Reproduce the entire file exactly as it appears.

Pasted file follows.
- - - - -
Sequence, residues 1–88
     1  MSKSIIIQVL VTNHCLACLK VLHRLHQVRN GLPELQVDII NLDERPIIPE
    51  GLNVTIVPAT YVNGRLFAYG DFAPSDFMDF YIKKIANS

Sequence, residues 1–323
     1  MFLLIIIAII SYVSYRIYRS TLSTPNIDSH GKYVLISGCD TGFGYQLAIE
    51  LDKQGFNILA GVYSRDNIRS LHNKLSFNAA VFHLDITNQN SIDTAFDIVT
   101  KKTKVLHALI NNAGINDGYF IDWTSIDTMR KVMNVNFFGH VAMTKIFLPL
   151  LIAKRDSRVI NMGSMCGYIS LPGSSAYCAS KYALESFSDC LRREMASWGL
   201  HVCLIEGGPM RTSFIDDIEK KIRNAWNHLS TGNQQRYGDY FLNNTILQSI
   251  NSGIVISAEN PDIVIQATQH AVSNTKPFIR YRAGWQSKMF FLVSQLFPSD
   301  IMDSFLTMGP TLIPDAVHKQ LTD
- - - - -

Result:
Sequence, residues 1–88
     1  MSKSIIIQVL VTNHCLACLK VLHRLHQVRN GLPELQVDII NLDERPIIPE
    51  GLNVTIVPAT YVNGRLFAYG DFAPSDFMDF YIKKIANS

Sequence, residues 1–323
     1  MFLLIIIAII SYVSYRIYRS TLSTPNIDSH GKYVLISGCD TGFGYQLAIE
    51  LDKQGFNILA GVYSRDNIRS LHNKLSFNAA VFHLDITNQN SIDTAFDIVT
   101  KKTKVLHALI NNAGINDGYF IDWTSIDTMR KVMNVNFFGH VAMTKIFLPL
   151  LIAKRDSRVI NMGSMCGYIS LPGSSAYCAS KYALESFSDC LRREMASWGL
   201  HVCLIEGGPM RTSFIDDIEK KIRNAWNHLS TGNQQRYGDY FLNNTILQSI
   251  NSGIVISAEN PDIVIQATQH AVSNTKPFIR YRAGWQSKMF FLVSQLFPSD
   301  IMDSFLTMGP TLIPDAVHKQ LTD